Only I’d just that week right before my business trip seen my naturopath, and said, you know, if I go down this road of fertility assistance, I want to be as healthy as possible going into it. So she did some tests, and suspected my thyroid was off, so she had me testing my waking temperature, to see. So that very next morning, after I almost died in that cab, I took my temperature, and it was high. And I thought to myself, well. I’m pregnant. I knew.
I finished the business portion of my trip. And then I did skip out the last day and take the subway into Manhattan. For the first time ever I enjoyed four hours of one of those cities I always just flew into at night and out of in the early morning.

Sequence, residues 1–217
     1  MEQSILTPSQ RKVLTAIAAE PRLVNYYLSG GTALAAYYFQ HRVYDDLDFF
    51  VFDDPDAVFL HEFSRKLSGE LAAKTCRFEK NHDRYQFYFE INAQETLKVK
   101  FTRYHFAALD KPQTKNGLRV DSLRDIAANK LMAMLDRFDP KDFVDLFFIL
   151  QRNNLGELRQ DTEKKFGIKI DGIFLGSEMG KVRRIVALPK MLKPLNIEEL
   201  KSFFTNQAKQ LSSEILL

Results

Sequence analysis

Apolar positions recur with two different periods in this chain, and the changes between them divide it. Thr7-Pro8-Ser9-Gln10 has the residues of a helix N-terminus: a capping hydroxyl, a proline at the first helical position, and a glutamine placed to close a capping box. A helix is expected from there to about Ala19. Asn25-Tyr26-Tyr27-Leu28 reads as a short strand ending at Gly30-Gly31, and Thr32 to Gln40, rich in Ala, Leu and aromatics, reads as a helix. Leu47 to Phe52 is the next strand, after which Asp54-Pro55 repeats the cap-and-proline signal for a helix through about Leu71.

The next morning I flew home. I stopped by the Rite-Aid on my way back to the house and bought a package of pregnancy tests. I parked the car, left my suitcase in the trunk, walked to the upstairs bathroom and peed on a stick. As I watched the line form first a minus and then a plus, I said to myself, well. I’m pregnant. I knew. I walked downstairs to tell my husband. He was in the back yard. He looked at me, and asked, how was your trip? I have something to tell you, I said. You’re pregnant, he said. He knew.
I tried to tell a few people about the almost dying, but no one took it in or thought much of it. Oh, sure, your cab driver swerved in front of a truck, happens to us all. You see, it’s near impossible for people to take in death at the same time they’re taking in life. I was growing a baby then, and that was all that mattered.
There but for the Grace I go. And now, right here, where I am supposed to be.